The Coffin Maker
by Ishion Hutchinson

Below his unfinished house,
down almost into the gully,
in the albumen hour of day,
noon, I’d squint hard to see
his barbed-wire frame in its twist
of perpetual hush going back
and forth in the dim room
building those canoe-sized coffins
he’d then stock to a pyre
to rot in the breadfruit shade.
The tiny chiseled cross in the head
of each, his signature, flickered
like ice, a wink that made me
fear that yard, even worse a boy
who had washed his face
with rice water and claimed
to have seen ghosts gathered
at the coffins, weeping, died
suddenly, too sudden, stomped
by an immense runaway truck.
But riveted to what he conjured
at midday out of the wood
he shaved until the air was gold
with dust, the wood marble,
I could not turn, invisible
as I had become, I didn’t break
for it when the lip and spur
drill-bit starred holes to wedge
the man-length sides together
and he curled like a man shuddering
to hammer ½ fluted dowels
in place; afterwards he brushed
a thumb over each closed-up
wound; done, he’d rest, then repeat
his epitaph in wood: the cross
the whole afternoon pulling a new
casket out to the straining kiln.



The Scaffold
by Michael Collins 

We went out to Rebecca Hunter’s farm
and built a scaffold for John Brown.
It’s the strangest job I’d ever done,
my first and last gallows. I’d built stages,
cribs for babies, dinner tables,
marriage beds. I used to say “I’m
friend to birth and breakfast and lost
maidenheads.” Now I’m friend to death.
John Brown’s neck, I heard, snapped
like a gun going off, but still he lived
for minutes. Death struggled to beat him.
Maybe something snapped in history, too.
Only, time didn’t die. It went mad.
Now, with every year I sleep a little less.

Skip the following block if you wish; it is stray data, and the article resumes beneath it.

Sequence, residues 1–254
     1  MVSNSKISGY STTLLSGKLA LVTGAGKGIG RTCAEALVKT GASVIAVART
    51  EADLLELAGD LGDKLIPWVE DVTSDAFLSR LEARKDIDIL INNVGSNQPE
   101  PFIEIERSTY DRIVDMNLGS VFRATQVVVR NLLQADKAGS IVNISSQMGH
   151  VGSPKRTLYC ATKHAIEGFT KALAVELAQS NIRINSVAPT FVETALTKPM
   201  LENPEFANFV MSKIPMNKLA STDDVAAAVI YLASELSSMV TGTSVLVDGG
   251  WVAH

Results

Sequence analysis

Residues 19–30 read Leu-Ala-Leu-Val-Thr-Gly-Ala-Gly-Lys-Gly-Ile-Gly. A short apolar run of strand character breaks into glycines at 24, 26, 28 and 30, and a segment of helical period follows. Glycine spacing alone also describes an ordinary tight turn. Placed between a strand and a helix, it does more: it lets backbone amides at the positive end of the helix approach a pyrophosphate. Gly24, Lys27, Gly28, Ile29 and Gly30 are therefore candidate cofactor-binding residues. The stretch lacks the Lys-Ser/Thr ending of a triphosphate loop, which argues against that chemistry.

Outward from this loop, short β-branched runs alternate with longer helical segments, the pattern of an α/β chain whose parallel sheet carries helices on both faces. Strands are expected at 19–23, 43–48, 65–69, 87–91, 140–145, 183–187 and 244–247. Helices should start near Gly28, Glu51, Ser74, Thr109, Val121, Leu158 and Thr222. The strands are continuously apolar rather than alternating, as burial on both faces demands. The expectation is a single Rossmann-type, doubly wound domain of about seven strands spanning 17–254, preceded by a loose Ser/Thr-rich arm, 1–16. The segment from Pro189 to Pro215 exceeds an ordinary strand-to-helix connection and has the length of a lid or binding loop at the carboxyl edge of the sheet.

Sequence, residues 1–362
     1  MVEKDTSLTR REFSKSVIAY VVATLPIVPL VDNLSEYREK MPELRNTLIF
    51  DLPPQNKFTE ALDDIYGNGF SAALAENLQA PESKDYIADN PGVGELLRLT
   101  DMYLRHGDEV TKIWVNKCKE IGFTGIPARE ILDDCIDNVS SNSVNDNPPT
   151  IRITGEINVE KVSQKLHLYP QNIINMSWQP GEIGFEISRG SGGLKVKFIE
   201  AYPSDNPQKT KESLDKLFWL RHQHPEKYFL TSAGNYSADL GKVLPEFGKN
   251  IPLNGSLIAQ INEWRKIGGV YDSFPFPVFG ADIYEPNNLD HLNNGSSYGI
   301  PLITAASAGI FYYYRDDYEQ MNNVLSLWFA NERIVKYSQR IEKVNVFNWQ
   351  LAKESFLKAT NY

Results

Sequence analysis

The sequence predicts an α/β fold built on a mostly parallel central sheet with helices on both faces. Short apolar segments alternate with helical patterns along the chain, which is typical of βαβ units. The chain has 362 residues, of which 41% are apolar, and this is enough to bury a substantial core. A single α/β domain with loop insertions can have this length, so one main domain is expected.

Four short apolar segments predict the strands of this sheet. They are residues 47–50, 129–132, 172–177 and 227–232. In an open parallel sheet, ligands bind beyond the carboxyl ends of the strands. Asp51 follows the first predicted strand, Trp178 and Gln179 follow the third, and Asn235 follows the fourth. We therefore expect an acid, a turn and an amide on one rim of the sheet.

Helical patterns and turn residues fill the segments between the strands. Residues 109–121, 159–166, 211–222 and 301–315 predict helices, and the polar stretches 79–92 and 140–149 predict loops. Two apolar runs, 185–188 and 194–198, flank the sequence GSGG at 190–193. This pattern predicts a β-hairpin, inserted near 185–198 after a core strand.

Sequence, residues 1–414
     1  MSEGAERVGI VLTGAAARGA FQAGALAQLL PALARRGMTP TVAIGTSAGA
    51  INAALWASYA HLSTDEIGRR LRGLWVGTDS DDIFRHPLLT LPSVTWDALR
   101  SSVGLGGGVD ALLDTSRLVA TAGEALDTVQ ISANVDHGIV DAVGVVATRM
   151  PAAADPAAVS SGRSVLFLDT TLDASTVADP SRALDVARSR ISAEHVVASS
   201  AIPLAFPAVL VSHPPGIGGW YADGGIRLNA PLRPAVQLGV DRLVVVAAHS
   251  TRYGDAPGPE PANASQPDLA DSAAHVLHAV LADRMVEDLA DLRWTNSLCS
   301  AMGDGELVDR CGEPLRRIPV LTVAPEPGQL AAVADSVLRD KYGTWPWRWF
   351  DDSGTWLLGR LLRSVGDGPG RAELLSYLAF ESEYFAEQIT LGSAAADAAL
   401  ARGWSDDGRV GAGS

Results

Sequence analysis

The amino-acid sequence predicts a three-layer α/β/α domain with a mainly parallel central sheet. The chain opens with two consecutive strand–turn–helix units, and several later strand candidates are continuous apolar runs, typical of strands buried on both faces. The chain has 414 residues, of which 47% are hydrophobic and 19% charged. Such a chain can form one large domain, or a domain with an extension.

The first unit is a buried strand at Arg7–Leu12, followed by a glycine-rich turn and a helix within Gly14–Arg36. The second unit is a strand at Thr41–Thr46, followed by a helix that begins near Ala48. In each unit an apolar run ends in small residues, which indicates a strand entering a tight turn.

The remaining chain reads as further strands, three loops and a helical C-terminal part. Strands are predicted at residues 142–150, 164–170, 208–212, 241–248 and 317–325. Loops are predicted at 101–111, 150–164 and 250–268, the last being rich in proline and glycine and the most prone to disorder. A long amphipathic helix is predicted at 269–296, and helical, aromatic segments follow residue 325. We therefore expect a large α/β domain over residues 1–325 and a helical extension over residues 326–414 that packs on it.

The day Brown hung half the country swore we’d snapped
the devil’s neck; the others swore the neck
of Christ. Whatever the case, I sleep less
and less, and more and more have dreams
where every board I cut, every nail
I hammered in Brown’s scaffold is hammered
in my skull or used to bash it in. More
and more I have to half drink a pint of gin
to get my eyes to close. My wife took off
with all my earnings last Sunday night
while I was wailing to the angel Gabriel
that all I did was build the steps and help
out with the frame. The trapdoor was another’s
work. So was the placement of the iron hook
from which the noose was hung. “What’s more,
John Brown,” I said to Gabriel, “slaughtered men
at Pottawatomie for nothing more than thoughts
in their heads. He made the nation set fire to itself.
He made farm fields spit blood. I, the day
he hung, was a step above apprentice. I wasn’t
John Wilkes Booth, who used to play on a stage
I built, and who, watching Brown hang, learned to murder
presidents. I wasn’t Lee, the future general, who smiled
at the scaffold and the troops who guarded it.
I wasn’t Stonewall Jackson, manning a howitzer
against the phantom army Brown might summon.
Blame that actor hungry for history, blame the generals, blame
Brown himself for seeing a noose as something
better than a king’s jeweled crown. I’m just
a carpenter who, called in one morning, did his job.



By Increments
by Anna Ross                     

This rectangular wood block,
with slanted throat to allow the iron
and wedge, the sole open-mouthed
to let what is shaved through,

the end a map of names.
Griffiths Norwich, manufacturer,
then each owner: H. Hayward,
A. Hayward, J. Hayward, J. Flatt,
casting back

to things hand-fashioned, smoothed.
Like the single-engine Fly Baby
your grandfather built, piece by piece,
in the living room.

First the wooden fuselage—
tail reaching into the hall, open cockpit—
then each wing. Canvas stretched tight
across the bones and painted white.
Sundays at the beach,

how close he seemed,
in thick glass goggles and leather helmet,
gliding over a great lake
to wave down at you on the sand.